Honors senior and Wilson’s Scholar Annie Manges spent September 4 through December 17, 2021 in the bustling capital of Kampala, Uganda participating in the School for International Training (SIT) Uganda: Global Development Studies program. While abroad for the semester, Manges engaged in various excursions to the rural regions within Uganda: Jinja, Kapchorwa, Bududa, Gulu, Entebbe, and Bwindi Impenetrable Forest. Manges majors in global studies with a concentration in international economic studies and minors in sustainable development and French. The Uganda program focused on global development studies, her area of research interest, on which all of her courses focused.
In the summer of 2019, Manges also completed a study abroad to Paris, France, where she took six semester hours of language and culture coursework for her French minor. She explained, “I was drawn to this program in Uganda for two main reasons. The first being I really wanted to study abroad somewhere completely new and different from my own culture. I wanted something other than the typical summer in Europe. I also already had an interest in Africa because I think it is truly valuable to study post-colonial development work somewhere that has a history of colonization.”
Photos above show gorillas in the Bwindi Impenetrable National Park. Manges shared, “By far the coolest thing I have ever done in my life was gorilla tracking. There are only 1000 mountain gorillas left in existence, and seeing them is a huge deal. They are only in this region. I saw a silverback, and a few moms with their babies. It was truly amazing.” Photo by Annie Manges.
The SIT Uganda: Global Development Studies program included a month-long internship or independent study. Manges selected the independent study in order to have the opportunity to conduct her own research. She designed and studied her project titled, “Community Based Organizations (CBOs) as a Tool for Sustainable Community Development: the Case in Kapchorwa.” The research component proved to be one of the most valuable outcomes of her experience. She shared,
“I went to Kapchorwa, Uganda, alone for a month, and interviewed local villagers and community members, many of whom were doing some truly influential work that had changed the lives of their fellow community members. It was such a valuable experience to be able to lead and conduct my own research, and in another country. Through the research, I was able to grow my professional and academic skills more than I ever thought possible in a single semester. I was alone, locating groups and individuals to interview, hiring translators, getting transportation, doing cultural training for the interview sessions, etc. It really was a huge growth moment to do all of this in a foreign country, and I learned so much from it.”
Photo above features Manges with her translator-turned-friend, Faith, hiking at Sipi Falls located in Kapchorwa, where she did research. She stated, “It’s probably one of the most beautiful places I’ve ever been.” Photo submitted.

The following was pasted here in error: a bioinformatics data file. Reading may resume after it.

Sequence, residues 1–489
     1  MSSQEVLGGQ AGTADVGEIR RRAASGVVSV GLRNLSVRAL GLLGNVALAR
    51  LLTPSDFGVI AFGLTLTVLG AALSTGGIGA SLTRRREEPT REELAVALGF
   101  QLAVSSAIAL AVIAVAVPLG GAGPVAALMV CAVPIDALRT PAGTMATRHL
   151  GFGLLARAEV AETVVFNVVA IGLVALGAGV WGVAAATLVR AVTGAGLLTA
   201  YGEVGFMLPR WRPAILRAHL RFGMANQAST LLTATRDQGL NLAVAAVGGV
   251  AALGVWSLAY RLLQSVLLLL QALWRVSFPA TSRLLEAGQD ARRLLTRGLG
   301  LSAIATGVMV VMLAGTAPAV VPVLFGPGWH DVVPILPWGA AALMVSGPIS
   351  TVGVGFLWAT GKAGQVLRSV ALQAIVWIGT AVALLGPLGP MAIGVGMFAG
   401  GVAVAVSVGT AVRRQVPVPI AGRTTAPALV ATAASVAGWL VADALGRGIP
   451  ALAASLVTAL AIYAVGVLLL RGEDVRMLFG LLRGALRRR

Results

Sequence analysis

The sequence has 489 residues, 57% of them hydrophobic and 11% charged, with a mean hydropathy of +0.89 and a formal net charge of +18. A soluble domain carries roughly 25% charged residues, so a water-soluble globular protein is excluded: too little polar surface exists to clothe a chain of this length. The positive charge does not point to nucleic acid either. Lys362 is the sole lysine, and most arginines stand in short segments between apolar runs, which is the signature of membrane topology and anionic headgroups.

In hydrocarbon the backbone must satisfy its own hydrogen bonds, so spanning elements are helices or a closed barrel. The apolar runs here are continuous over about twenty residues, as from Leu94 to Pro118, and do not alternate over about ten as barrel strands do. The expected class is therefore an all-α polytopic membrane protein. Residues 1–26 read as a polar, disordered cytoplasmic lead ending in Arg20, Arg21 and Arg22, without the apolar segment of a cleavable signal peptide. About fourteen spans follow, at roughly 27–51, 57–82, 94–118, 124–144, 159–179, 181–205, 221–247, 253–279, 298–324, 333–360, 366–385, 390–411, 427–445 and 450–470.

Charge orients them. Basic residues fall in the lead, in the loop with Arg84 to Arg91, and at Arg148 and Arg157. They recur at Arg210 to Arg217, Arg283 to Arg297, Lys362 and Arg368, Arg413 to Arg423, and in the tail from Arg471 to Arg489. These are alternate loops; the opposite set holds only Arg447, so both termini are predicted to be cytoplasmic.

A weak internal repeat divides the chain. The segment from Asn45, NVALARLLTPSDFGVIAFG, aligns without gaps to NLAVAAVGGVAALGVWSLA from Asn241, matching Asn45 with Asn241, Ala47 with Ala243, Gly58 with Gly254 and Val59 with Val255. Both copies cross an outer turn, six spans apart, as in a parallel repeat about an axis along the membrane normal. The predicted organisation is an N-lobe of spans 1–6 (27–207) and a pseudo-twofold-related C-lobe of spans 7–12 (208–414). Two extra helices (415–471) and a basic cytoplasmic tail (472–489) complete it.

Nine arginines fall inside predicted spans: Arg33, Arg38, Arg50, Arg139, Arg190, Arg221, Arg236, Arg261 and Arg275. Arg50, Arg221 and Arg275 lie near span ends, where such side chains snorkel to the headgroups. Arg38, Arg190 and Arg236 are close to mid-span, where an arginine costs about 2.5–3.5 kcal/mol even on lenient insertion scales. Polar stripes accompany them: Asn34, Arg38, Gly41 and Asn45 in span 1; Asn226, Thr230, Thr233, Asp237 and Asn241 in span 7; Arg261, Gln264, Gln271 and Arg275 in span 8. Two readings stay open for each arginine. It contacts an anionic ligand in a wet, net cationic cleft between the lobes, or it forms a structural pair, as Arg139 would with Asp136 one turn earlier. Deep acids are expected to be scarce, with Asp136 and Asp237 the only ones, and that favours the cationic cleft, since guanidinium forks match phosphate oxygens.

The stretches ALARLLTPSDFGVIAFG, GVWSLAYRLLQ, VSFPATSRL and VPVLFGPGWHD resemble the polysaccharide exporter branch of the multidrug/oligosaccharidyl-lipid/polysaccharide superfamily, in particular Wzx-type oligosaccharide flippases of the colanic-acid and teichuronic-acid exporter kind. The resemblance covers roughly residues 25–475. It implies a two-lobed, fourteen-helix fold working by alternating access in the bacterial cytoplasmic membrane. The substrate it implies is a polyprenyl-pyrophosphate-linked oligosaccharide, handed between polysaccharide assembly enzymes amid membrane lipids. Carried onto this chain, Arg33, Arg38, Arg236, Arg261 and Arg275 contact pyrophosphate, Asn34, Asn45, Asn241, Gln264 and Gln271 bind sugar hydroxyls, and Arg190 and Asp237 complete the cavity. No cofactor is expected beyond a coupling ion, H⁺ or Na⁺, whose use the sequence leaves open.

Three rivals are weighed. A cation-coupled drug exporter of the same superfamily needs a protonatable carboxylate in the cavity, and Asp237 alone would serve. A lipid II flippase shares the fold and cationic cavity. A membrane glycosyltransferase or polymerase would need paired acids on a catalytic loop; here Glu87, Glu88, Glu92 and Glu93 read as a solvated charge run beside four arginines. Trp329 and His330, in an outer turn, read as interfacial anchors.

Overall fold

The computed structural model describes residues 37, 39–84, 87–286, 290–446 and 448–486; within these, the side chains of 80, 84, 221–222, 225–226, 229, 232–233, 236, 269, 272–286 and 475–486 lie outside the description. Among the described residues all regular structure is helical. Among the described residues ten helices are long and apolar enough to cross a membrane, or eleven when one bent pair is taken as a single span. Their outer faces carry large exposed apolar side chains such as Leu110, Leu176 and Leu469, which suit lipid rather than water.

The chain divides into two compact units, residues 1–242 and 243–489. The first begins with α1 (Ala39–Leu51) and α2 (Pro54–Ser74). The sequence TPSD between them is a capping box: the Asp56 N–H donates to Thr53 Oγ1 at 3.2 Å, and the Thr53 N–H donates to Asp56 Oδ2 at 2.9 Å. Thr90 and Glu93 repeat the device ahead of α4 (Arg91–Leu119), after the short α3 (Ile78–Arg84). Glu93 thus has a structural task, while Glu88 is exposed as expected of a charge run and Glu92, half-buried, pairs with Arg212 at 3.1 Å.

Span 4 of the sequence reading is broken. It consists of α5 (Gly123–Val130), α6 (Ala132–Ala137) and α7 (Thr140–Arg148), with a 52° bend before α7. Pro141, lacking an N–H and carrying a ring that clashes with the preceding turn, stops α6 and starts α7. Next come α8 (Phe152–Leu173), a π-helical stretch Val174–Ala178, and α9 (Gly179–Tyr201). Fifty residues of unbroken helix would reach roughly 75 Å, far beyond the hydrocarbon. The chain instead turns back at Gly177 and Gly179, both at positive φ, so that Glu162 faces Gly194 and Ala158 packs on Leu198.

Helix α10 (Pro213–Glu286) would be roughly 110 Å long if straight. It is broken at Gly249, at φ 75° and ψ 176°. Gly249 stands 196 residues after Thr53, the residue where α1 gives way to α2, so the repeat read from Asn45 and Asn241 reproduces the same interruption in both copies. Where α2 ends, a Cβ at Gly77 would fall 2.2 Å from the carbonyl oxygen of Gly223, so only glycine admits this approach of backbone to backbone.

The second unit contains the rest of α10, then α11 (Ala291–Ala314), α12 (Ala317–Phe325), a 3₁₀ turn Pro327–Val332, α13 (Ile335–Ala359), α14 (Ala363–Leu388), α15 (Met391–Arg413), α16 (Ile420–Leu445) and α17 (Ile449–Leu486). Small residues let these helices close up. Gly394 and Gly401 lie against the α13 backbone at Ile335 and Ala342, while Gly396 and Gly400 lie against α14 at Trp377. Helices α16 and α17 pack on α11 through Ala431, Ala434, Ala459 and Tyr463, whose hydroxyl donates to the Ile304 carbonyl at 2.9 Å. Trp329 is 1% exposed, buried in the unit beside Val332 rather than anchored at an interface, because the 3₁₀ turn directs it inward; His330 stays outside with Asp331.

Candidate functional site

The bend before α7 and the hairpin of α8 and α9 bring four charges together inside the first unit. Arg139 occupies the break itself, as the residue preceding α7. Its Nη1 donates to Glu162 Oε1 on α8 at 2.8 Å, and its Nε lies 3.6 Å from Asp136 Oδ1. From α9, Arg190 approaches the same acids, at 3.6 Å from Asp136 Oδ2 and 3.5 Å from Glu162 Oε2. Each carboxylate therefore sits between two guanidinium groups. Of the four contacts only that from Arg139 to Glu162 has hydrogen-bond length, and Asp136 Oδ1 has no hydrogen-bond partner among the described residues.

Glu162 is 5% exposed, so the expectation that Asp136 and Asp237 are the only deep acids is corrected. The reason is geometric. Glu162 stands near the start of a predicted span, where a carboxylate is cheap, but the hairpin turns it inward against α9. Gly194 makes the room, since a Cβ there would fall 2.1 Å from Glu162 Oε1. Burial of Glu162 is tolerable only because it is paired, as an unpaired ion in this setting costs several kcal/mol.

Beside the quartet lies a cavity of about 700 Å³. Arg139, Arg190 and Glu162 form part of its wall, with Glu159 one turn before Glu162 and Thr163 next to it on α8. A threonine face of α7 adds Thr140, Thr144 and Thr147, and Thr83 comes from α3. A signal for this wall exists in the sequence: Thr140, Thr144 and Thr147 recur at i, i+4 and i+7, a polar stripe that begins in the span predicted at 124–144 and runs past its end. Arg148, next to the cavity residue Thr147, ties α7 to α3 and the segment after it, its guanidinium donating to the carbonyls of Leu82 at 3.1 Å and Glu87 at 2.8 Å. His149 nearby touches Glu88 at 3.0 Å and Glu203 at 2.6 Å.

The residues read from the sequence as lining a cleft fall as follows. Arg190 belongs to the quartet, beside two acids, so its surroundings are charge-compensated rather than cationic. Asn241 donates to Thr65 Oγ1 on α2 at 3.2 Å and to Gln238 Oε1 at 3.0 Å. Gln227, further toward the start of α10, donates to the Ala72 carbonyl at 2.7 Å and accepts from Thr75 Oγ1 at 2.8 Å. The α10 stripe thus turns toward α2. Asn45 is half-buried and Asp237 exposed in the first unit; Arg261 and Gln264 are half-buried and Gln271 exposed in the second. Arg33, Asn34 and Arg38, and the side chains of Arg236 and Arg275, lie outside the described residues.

After returning to campus, Manges continues to work on the research project she began in Uganda. She aims to incorporate her Uganda study into her Honors thesis with support from Dr. Brian Burke, assistant professor in the Goodnight Family Department of Sustainable Development at App State, as her thesis director, and Dr. Charlotte Mafumbo, academic director of the SIT Uganda: Global Development Studies program, as her second reader. She reflected,
“Beyond this single experience, I also learned so much about the world and what I personally believe about development work. I came away from this experience having learned that Africa doesn’t really need or want American development studies students to come in and instate western methods of development. They’ve got it covered. It was truly an honor to learn from the Ugandans I worked with, and I cannot express how valuable it was.”
Although the COVID-19 pandemic did have an impact on her study abroad experience, Manges explained that she is grateful to have been able to still participate and stay healthy throughout. She said, “Due to COVID there were only six students on the whole program, and we were not able to do home stays nor have classes with Ugandan students, which are both things that the program typically does. This really did affect the program. We were all pretty lonely, and we didn’t get to meet many Ugandans or make friends. However, we were lucky that Uganda and SIT take Covid so seriously; we didn’t have a Covid scare a single time!”
Photo above shows Annie Manges presenting virtually from Uganda at the App State 2021 Global Symposium organized by the Office of International Education and Development. Photo by Dr. Heather Waldroup.
Manges offered advice to fellow Honors students considering study abroad,
“Do it! No questions asked. College is the easiest time for most people to be able to go abroad. There are so many scholarships available, both through App and through the programs. Just apply! Really push yourself on the location. Go somewhere for the learning experience, not for the partying. Find a program that is a specialty, or that has research or internship opportunities. Finding something that will really hone in on your specific academic goals is so valuable.”
Top photo shows Annie Manges with her study abroad group visiting the Murchison Falls National Park, where she did safari. She discovered, “I LOVE giraffes, and they’re actually really wrinkly when you get up close!” Photo submitted.